AN OVERVIEW OF ARBITRATION AND CONCILIATION ACT

INTRODUCTION

Arbitration is a medium which provides an effective and expeditious dispute resolution framework unlike the Court proceedings which takes a number of years in resolving disputes between the parties. Parties submit themselves to Arbitration, as it enables a faster resolution and disposal of the disputes between the parties and leaves very little scope for prolongation of disputes. For this reason it inspires the confidence of Foreign Investors to invest in India and reassure international investors in the reliability of the Indian legal system to provide an expeditious, cheaper and flexible dispute resolution mechanism.

Section 89 of the code of civil procedure also gives importance to arbitration. It states that the parties can opt for the arbitration proceedings to settle a dispute, provided that both the parties must agree to it. The award given by the arbitrator must be considered as a decree given by the court and the parties must abide by the award given by the arbitrator. Besides this, the Arbitration and Conciliation Act of 1996 has divided itself into two parts. The First part deals with Arbitration that is conducted in India and its enforcement. The Second part provides for arbitration conducted in a Foreign Country and enforcement of such foreign awards. The resolution of disputes through Arbitration is the most expeditious, cheap and flexible means of dispute resolution. The Indian judiciary has made considerable and much required action in establishing India as an (international) arbitration-friendly judicial system. Thus, the arbitration and conciliation act, 1966 will bring a revolutionary change in curtailing the pendency of cases in Indian judiciary. 

PROVISIONS REGARDING ARBITRATION AND CONCILIATION

The 1996 Act allowed a party to file an application to set aside an arbitral award (i.e., the order given in an arbitration proceeding).  Courts had interpreted this provision to mean that an automatic stay on an arbitral award was granted the moment an application for setting aside an arbitral award was made before a court. The Amendment Act inter-alia seeks to insert a new Part 1A to the Act of 1996 for the establishment and incorporation of an independent body namely, the Arbitration Council of India (ACI) for the purpose of grading of arbitral institutions and accreditation of arbitrators, etc.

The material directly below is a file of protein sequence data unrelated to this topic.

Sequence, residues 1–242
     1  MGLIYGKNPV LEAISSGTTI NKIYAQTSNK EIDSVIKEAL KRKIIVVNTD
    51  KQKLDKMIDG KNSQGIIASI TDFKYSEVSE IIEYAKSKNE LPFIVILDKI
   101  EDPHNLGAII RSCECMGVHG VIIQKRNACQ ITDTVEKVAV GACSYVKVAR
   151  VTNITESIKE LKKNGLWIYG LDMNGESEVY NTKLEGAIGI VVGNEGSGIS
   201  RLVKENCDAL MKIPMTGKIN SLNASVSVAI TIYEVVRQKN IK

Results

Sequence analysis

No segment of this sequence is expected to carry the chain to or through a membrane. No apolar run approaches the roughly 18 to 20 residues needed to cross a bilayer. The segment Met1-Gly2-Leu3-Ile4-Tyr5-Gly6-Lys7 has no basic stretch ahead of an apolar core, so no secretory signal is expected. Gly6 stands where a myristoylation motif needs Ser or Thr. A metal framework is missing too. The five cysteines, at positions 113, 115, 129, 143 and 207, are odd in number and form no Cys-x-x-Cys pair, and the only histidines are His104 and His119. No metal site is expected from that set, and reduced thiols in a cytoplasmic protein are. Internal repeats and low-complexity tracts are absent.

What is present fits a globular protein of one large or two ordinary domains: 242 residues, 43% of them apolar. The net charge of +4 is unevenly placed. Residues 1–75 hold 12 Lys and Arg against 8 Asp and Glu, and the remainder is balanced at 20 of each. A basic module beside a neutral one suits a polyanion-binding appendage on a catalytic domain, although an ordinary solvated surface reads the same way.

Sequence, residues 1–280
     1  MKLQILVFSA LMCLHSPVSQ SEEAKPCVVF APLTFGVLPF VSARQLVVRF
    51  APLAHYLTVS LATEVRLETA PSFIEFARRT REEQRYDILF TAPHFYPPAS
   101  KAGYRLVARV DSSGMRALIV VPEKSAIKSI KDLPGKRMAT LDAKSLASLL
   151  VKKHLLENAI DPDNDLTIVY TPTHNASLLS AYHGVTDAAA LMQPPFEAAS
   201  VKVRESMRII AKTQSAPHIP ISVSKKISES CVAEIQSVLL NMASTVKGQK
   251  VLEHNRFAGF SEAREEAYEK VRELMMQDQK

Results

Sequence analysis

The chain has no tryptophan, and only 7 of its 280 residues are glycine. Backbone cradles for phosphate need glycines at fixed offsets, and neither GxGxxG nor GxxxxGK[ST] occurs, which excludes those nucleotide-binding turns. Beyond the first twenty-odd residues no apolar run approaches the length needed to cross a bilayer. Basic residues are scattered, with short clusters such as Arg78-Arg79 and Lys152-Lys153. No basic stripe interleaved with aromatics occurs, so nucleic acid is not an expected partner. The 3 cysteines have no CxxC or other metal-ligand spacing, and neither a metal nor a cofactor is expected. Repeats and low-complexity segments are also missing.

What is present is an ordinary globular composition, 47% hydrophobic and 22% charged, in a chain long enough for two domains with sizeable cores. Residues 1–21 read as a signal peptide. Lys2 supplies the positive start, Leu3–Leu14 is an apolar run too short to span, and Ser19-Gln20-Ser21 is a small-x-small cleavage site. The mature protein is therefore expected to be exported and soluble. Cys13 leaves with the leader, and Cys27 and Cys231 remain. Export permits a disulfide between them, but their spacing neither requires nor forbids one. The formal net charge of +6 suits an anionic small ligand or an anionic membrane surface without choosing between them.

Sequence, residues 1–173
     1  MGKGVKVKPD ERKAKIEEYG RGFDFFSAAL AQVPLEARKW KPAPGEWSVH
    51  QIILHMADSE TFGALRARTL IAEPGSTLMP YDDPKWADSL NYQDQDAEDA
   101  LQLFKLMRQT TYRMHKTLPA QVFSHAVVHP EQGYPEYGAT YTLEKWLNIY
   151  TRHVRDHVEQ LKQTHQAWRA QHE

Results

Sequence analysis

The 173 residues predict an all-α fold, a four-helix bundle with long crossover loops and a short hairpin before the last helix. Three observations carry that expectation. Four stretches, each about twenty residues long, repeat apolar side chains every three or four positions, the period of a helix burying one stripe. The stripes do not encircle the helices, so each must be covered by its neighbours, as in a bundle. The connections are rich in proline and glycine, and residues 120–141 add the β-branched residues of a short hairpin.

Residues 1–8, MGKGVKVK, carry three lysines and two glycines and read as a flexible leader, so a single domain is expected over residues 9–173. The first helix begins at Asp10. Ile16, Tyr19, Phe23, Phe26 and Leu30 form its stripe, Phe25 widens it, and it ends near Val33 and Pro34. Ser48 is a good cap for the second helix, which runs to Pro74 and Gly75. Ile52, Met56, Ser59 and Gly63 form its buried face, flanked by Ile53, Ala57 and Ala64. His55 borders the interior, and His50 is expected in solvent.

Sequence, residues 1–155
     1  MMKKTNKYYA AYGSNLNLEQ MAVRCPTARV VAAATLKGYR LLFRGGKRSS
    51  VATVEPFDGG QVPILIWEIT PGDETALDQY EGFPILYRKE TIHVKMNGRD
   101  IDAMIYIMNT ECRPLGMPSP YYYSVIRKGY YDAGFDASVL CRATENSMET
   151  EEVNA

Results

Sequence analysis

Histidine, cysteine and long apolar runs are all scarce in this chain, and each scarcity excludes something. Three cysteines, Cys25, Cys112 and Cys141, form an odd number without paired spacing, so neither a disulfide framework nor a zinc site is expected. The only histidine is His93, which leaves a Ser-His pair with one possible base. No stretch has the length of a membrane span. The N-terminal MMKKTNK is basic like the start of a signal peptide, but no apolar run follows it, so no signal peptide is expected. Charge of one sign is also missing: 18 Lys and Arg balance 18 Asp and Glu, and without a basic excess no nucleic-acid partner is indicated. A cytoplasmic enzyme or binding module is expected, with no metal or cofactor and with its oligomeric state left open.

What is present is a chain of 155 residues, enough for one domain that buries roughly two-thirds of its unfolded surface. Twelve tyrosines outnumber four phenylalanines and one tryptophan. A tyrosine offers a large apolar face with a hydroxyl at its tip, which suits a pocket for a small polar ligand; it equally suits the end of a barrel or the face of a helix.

As per section 43C of the Act, ACI will be will be headed by a Chairperson, who has been a Judge of the Supreme Court or a Chief Justice or Judge of a High Court or an eminent person, having special knowledge and experience in the conduct or administration of arbitration, to be appointed by the Central Government in consultation with the Chief Justice of India. Besides, it will also have two Full-time Members from amongst eminent arbitration practitioners and academicians. In addition, one representative of a recognized body of commerce and industry shall be nominated on rotational basis as a Part-time Member. 

Section 43M of the Act provides for the Secretariat to the Council consisting of such number of officers and employees as may be prescribed by the Central Government. Earlier, if an application was filed for setting aside of an arbitral award under section 34 of the Arbitration and Conciliation Act, then it would amount to an automatic stay. This provision was criticized by the hon’ble supreme court in the case of National Aluminum Company Ltd. v. Pressteel & Fabrications Ltd. and Another., where they remarked that “this automatic suspension of the execution of the award  leaving no discretion in the court to put the parties on terms, in our opinion, defeats the very objective of the alternate dispute resolution system to which arbitration belongs. Some sections of Arbitration and Conciliation Act are : 

Section 9. Interim measures etc. by Court

A party may, before, or during arbitral proceedings or at any time after the making of the arbitral award but before it is enforced in accordance with section 36, apply to a court

Section 80. Role of conciliator in other proceedings.

Unless otherwise agreed by the parties,-

a.   the conciliator shall not act as an arbitrator or as a representative or counsel of a party in any arbitral or judicial proceeding in respect of a dispute that is the subject of the conciliation proceedings;

b.   the conciliator shall not be presented by the panics as a witness in any arbitral or judicial proceedings.

JUDGEMENT OF SUPREME COURT ON ARBITRATION AND CONCILIATION

9. What is the time limit for filing an application under Section 11 of the Arbitration and Conciliation Act, 1996?

Bharat Sanchar Nigam Ltd & Anr v. M/S Nortel Networks India Pvt Ltd (Judgment dated March 10)

The Supreme Court held that the time limit for filing an application under Section 11 of the Arbitration and Conciliation Act, 1996 would be governed by Article 137 of Limitation Act i.e., three years from the date when the right to apply accrues.

CONCLUSION

In recent times, there has been an exponential growth in international dealing and contracts and thus increase in disputes pertaining to international arbitration. India is no longer a closed economy and is picking up pace with the changing times and is now showing the world that the parties can easily enter into arbitration without worrying about facing any inconvenient orthodox procedures. We can confidently proclaim that  our highly praised Indian judiciary is thus, now leaving no stones unturned to simplify the procedures in the cases of International Commercial Arbitration. 

REFERENCES

  1. http://www.advocatekhoj.com
  2. http://www.barandbench.com

Aishwarya Says:

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